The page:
Maria went outside and sat on a bench and waited for her mother to pick her up to take her home.

The Ford truck pulled to the curb and Maria jumped in and her mother dropped her off at the house before heading off to work. Work, she said, was dull and dreary and long without her daughter around. Maria smiled at the thought. One day, when she was an adult, she would have a daughter just like her mother did. She was going to name her Sarah.

She loved the name Sarah, after she read a book called Sarah, Plain and Tall.

Her best friend's name was Ellie. Ellie had long blonde hair and brown eyes and she liked to sing songs and dreamt of being a famous singer one day. Maria couldn't sing and the only instrument she played was the cello. Ellie said singing was like a language and only special people knew the language. Maria could speak two languages, English and Spanish. They mostly spoke Spanish at home.

"Maria," her father complained later that evening. "¿Qué usted está haciendo?" His face was pinched and angry. That was how he usually looked, especially after work.

Maria was in the bathroom, singing a song in English.

"Apesadumbrado, padre," she apologized, her lip trembling. "Ellie liked singing and I thought-"

"I know what you thought," Mama said. She was brushing her own short, brown hair in the hallway mirror downstairs and had come up to see about all the racket. "You will not be a singer. I don't want that girl putting ideas into your head. You must get grades on your schoolwork!" She scowled and went downstairs to make dinner. They were having pot roast for dinner tonight.

Maria sighed and went back upstairs and cried into her pillow.

The next morning she got ready to go to Mr. Salez's. She got permission from her father the day before and he was off at work already, he worked at a feed supply store called Grumley's and made enough money to pay rent and bills. Maria contributed thirteen dollars every month, to help pay for milk for her little sister, Laura. Laura was getting to be a big baby and would be going to preschool in four years. She did not want that day to come but it must come, and when it did, Maria would be proud.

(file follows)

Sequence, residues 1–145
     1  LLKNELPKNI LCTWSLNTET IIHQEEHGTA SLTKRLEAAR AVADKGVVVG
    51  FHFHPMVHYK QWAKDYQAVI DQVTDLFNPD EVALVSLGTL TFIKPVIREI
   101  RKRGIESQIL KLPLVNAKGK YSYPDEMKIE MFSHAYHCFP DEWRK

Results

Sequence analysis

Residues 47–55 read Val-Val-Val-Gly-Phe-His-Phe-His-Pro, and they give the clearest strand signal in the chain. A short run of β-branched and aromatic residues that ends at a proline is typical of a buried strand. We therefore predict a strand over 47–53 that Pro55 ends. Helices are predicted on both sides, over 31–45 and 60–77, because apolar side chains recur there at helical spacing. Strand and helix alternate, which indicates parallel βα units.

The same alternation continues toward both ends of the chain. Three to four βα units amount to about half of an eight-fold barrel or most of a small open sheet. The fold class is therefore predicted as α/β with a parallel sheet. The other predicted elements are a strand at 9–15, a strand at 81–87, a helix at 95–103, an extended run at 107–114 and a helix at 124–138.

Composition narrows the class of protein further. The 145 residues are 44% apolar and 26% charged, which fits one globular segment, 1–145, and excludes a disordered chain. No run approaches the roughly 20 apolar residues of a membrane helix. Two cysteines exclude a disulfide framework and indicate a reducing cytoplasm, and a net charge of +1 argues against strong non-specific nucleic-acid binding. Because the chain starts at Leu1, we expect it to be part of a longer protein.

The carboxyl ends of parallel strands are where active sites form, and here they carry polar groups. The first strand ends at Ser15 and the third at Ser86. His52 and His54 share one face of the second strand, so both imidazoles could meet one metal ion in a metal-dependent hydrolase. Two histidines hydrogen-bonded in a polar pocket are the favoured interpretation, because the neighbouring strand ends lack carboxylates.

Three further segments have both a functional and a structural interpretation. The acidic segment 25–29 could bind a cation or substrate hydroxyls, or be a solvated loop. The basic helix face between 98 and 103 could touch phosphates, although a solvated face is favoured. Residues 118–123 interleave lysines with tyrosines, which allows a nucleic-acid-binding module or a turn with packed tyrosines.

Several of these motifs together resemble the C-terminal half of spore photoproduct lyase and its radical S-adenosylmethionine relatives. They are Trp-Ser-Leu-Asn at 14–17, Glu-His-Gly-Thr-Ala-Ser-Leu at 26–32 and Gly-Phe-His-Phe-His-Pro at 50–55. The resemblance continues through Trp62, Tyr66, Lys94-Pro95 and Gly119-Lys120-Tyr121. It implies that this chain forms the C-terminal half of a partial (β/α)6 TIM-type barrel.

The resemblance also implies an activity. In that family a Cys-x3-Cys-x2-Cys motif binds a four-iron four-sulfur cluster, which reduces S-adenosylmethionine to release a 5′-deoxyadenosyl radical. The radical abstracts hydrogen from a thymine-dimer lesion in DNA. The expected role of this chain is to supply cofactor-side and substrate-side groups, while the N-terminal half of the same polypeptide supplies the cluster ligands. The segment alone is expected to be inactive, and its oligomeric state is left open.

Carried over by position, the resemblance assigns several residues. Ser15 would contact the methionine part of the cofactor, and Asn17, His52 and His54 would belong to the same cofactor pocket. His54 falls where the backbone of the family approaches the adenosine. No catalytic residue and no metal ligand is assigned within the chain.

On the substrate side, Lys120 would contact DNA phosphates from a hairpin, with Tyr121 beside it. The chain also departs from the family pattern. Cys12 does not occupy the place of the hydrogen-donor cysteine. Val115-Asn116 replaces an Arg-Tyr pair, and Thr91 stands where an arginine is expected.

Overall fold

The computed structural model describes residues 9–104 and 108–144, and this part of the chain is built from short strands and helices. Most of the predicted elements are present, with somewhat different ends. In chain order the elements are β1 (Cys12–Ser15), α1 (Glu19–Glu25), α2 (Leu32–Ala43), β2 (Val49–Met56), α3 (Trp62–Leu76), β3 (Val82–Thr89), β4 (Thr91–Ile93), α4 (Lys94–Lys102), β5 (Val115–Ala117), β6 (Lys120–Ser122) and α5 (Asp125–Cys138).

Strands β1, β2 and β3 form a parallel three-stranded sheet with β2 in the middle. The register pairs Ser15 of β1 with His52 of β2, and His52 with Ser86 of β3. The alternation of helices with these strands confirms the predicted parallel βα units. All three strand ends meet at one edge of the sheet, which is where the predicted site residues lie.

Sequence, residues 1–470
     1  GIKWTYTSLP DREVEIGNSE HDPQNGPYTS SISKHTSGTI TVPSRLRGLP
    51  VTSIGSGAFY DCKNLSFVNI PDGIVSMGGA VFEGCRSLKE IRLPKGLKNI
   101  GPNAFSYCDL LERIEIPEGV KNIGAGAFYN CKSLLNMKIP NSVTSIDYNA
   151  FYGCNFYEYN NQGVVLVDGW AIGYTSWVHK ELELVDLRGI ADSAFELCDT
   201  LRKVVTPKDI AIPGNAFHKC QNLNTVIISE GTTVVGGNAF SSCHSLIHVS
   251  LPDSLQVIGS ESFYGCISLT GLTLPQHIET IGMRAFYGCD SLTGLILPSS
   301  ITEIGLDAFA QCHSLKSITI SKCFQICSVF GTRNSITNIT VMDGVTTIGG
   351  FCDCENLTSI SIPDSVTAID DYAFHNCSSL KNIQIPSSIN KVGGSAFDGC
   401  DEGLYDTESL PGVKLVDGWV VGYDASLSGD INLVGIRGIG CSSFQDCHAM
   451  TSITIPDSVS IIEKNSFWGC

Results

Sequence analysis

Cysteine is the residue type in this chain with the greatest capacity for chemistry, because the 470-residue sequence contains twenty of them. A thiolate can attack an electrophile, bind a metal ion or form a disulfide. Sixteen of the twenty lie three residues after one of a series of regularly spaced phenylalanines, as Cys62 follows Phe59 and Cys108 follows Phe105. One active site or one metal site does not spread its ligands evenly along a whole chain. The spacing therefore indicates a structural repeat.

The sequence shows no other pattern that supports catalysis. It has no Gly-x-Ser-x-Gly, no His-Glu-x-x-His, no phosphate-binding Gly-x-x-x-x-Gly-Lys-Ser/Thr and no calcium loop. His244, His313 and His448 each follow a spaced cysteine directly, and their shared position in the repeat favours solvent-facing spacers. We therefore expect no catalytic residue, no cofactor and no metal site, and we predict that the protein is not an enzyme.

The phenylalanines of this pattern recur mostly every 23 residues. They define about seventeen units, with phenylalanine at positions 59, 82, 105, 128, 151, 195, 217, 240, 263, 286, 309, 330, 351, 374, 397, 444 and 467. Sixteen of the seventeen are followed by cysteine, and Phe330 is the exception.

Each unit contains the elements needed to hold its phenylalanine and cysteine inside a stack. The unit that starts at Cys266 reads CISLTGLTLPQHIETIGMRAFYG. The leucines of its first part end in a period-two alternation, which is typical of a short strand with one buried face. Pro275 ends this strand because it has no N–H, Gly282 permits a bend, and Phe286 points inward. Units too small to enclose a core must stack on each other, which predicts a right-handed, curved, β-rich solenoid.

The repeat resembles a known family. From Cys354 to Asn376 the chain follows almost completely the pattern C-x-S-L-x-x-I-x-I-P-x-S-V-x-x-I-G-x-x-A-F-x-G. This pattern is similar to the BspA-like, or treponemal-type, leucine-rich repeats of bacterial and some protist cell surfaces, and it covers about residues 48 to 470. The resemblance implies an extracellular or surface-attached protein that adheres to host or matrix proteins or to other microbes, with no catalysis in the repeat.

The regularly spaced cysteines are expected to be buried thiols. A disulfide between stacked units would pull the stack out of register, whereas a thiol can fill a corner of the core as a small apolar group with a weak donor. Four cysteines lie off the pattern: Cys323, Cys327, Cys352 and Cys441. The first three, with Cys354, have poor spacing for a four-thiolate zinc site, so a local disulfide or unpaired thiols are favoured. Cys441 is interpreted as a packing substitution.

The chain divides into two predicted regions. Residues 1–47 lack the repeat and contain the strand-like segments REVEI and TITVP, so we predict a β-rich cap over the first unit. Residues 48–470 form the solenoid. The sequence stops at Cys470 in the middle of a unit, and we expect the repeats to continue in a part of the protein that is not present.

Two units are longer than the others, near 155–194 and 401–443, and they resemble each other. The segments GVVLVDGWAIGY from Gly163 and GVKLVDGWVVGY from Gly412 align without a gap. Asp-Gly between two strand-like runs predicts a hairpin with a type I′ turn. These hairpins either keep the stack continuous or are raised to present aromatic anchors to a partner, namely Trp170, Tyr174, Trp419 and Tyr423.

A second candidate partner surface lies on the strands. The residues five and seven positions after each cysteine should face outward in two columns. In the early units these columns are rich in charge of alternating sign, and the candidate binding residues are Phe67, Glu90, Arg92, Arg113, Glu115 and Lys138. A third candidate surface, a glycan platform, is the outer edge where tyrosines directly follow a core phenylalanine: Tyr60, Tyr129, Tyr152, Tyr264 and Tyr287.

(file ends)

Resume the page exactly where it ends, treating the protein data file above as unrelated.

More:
Maria arrived at Mr. Salez's at four. She repeated Madeline's name in her head to remember it. Madeline, Madeline, Madeline. It had a nice ring to it. Unlike her own name, which was a normal Hispanic name for a girl.

Mr. Salez lived in an apartment building downtown; his wife was the owner. They were rich. Well, almost. She buzzed the doorbell and Mr. Salez answered. He wore brown slacks and a brown shirt that looked fresh and ironed. His hands swallowed her small ones. "Thank you for coming," he said grimly, and she followed him inside.

The apartment was made up nicely, just like a magazine. The living room had a coffee table, a long, brown couch, and a grandfather clock and fireplace. The fireplace would not be lit until winter. It was only spring. Maria saw Mrs. Salez. She was humming in the kitchen. It was a song Maria did not know. "Is that her?" she whispered, low, so he could hear.

"Of course." He pushed her forward. "Go on. No time like the present."

"Hello, Mrs. Salez," she said softly. "How are you this evening?"

"Roger!" she exclaimed. "Maria is beautiful! And so sweet! You need to hire more girls like her."

Roger rolled his eyes. "I'll do my best," he muttered. "I'll see to the cakes." He scurried into the kitchen to check on the tea cakes. A wonderful smell filled the living room.

"Tell me, Maria, do you have a boyfriend?"

Maria blushed. She didn't like being put on the spot. "Well, no," she admitted. "There's this boy, Jake, at school, and-"

She beamed. "Are you in love with him?"

Maria laughed. "I would like to get married when I am old enough. Boys are immature. I plan on getting married when I turn eighteen."

"Eighteen? Why?"

She shrugged. "Many Hispanic women get married at a young age. My father said it isn't a tradition, he says women are getting smarter these days, what with the war and all."

Mrs. Salez became serious all of a sudden. "The war in Vietnam is a terrible thing," she said, shaking her head. "Have you heard of this man, Dr. King? He speaks for all races, not just blacks."

"I have a cousin in the army," she said.

"Is he in the war?"

She looked troubled. "Last time I heard, he was stationed in Mississippi. I don't know why. They never say why."

Mrs. Salez nodded. "I suspected as much. You are too young to know, anyway."

Mr. Salez came in with a plate full of tea cakes and set it on the coffee table, sharply. That was their final discussion on war.

"It was weird," Maria said to her second best friend, Ronald Chandelier, over the phone that evening. "It was like, she didn't want to talk about the war."

"Most people don't want to talk about it," Ronald replied. "My cousin died in it and he's only 18."